Despite begging and pleading via the trade management screen to provide the team with speed, Jo Adell and Brandon Marsh rotted in the minors for all of 2020. Even as pinch runners, they would have been more valuable than any other bench player on the roster, but I never received the opportunity. Instead, Jaime Barria was presented to me more than once as a potential call-up. We brought him up the first time, and he struggled to an ERA north of 10, and he was thankfully the odd man out when we acquired Lance Lynn. I declined the second time the game asked me if I wanted to call him up, and that was the last anyone saw of the Angels’ minor leaguers.
The same issue persisted in Oakland. Jorge Mateo was more than ready to be a pinch runner, but there was not one call-up opportunity for the entire club all season long. Instead, I had four bench bats that I never used outside of, you guessed it, pinch running. Franmil Reyes, who I acquired as a bench power bat, would randomly appear on my bench as if he were being shuttled to-and-from the Las Vegas Aviators on a weekly basis.
Reyes and Jorge Mateo were available on my bench for only one “key moment” in September, despite my hopes that they would be there all season long. Inexplicably, the game kept Reyes off my postseason roster. Like clockwork, there were scores of situations throughout the playoffs where I found myself desperate for a power bench bat, only to be stuck with light-hitting players that I never wanted to use in the first place. Meanwhile, Franmil Reyes and his towering power were nowhere to be found.
This same call-up logic sent down a lefty reliever that I relied upon tremendously in favor of a fifth bench bat that I wound up never using all season long. Which do you think would have been more valuable in the postseason?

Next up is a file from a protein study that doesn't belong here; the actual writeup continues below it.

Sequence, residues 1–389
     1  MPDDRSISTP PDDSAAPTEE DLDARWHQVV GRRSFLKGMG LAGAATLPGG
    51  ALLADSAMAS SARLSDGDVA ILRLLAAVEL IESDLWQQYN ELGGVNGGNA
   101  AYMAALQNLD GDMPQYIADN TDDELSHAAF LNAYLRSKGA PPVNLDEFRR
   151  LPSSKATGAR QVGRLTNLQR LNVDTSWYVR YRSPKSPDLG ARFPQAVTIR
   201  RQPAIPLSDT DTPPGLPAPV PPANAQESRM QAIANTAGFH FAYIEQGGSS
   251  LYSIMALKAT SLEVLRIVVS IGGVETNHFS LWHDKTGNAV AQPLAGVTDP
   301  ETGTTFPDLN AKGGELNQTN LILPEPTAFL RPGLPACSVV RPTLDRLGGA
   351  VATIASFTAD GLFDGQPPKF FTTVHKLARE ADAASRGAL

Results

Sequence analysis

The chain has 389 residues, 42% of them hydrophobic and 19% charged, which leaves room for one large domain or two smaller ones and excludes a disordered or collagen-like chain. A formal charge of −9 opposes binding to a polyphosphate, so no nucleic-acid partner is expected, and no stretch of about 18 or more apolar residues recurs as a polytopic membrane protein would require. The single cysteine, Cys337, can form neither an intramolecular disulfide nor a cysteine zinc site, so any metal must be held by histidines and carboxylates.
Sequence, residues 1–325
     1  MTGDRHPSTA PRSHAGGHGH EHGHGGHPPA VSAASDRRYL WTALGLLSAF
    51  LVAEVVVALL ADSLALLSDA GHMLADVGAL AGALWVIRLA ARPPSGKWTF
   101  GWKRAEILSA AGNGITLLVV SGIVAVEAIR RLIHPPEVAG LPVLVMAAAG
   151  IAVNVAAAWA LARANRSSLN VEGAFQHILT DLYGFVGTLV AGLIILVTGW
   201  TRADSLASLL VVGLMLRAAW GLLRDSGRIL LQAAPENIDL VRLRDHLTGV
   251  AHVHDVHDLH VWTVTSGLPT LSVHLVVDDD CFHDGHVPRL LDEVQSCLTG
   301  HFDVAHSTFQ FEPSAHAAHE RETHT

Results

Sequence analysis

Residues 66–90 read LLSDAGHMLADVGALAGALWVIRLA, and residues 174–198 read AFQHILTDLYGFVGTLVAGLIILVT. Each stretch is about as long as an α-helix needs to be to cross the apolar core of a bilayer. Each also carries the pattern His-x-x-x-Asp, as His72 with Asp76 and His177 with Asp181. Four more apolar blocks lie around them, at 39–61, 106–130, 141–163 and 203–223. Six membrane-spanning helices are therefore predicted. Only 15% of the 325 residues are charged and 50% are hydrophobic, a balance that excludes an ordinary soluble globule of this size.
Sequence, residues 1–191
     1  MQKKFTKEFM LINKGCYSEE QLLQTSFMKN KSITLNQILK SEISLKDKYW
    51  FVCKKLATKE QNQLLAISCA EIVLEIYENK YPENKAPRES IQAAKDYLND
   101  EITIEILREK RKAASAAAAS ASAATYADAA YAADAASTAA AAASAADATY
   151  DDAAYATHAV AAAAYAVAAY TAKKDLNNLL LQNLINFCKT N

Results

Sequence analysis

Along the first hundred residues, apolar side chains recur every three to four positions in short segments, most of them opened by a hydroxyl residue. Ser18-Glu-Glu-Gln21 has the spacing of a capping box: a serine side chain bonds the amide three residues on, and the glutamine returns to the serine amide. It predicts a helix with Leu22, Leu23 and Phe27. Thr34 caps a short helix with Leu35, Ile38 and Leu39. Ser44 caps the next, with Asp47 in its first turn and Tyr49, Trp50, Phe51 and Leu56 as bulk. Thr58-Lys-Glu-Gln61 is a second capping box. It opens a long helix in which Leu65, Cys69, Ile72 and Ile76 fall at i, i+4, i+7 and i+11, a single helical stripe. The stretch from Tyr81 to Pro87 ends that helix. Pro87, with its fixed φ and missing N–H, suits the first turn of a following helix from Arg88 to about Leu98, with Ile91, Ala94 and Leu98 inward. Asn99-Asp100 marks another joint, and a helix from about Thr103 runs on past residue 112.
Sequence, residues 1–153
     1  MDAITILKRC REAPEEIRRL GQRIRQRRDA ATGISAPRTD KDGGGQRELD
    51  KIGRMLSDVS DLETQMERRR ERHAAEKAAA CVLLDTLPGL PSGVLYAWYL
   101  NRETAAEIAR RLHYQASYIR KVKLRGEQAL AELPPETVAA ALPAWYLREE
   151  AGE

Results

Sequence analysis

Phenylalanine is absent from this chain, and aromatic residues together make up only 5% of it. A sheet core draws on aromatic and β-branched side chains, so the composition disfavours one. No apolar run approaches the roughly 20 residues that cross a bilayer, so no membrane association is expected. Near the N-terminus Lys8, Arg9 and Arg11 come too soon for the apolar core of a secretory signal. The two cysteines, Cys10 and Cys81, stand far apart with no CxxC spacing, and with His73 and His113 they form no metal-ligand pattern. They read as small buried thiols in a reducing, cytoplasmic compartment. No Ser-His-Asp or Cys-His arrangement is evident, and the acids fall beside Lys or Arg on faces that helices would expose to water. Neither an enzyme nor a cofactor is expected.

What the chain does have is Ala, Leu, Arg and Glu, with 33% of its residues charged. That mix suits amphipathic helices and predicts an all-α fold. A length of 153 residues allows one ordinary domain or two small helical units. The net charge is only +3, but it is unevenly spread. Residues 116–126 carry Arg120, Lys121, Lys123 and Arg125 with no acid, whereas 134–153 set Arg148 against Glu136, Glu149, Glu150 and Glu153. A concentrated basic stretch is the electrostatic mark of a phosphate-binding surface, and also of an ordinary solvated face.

Missing Out On Key Moments
The key moments themselves feel improved this year, as Brad Peacock did not take six perfect games into the 7th inning like he did in 2019. There is still room for improvement, such as the Athletics randomly needing to extend their division lead despite being 23 games ahead of the second-place Houston Astros in the waning days of August.
One key moment was super exciting for me. All year long, my Athletics had a ridiculous division lead, including only 19 losses around the 100-game mark. The Astros were 20 games over .500 and were still at least 15 games behind throughout the summer and fall. I had already clinched the division and was waiting for the end-of-season solitaire simulation to finish until, suddenly, there was another key moment: “Break the single-season win record!” We had four games left in the season. I lost the first opportunity due to a painfully obvious swelling of in-game difficulty, but was excited about the prospect of literally rewriting MLB history with this thrilling club over the next few games.
But, that never happened.
Instead, the single-season win record would be broken via simulation two games later without any fanfare whatsoever. The Oakland Athletics finished the season with 118 wins and were treated no different than any other club that made the playoffs. In a mode littered with opportunities for players to create their own stories and grow attached to specific players on teams they may not be familiar with, MTO very anti-climactically skipped over what would have been a tremendous moment in MLB history. It would have been a blast to play out each game at a higher difficulty to see if I could achieve that history on my own, but unfortunately that chance never presented itself.
Though, adding comical insult to playful injury, check out the end-of-season assessment we received:
I am not sure what it is exactly that Billy Beane and the owners wanted to see from this club, but apparently winning an extremely competitive division, adding Christian Yelich for the rest of the decade, and setting the MLB’s record for single-season wins was not enough to warrant that final half of a star. You can only do so much, I suppose, though unlocking the coveted Face of the Franchise Matt Olson soothed the pain.
All told, it is great to see MTO have significantly higher value as an offline opportunity to acquire some excellent DD cards. It maybe felt the most peculiar because the role that MTO puts players in does not exist in a front office or organization. No manager’s power reaches that of GM-lite, and no GM’s responsibilities are that watered down. Trading is such a wondrous element of every team’s season, and it pained me to see logical in-house solutions rot in the minor leagues in favor of mediocre and never-used bench players. However, I would be shocked if this mode were not expanded further in those regards for next year’s release, and I am very eager to see how SDS encourages more players to give it a whirl.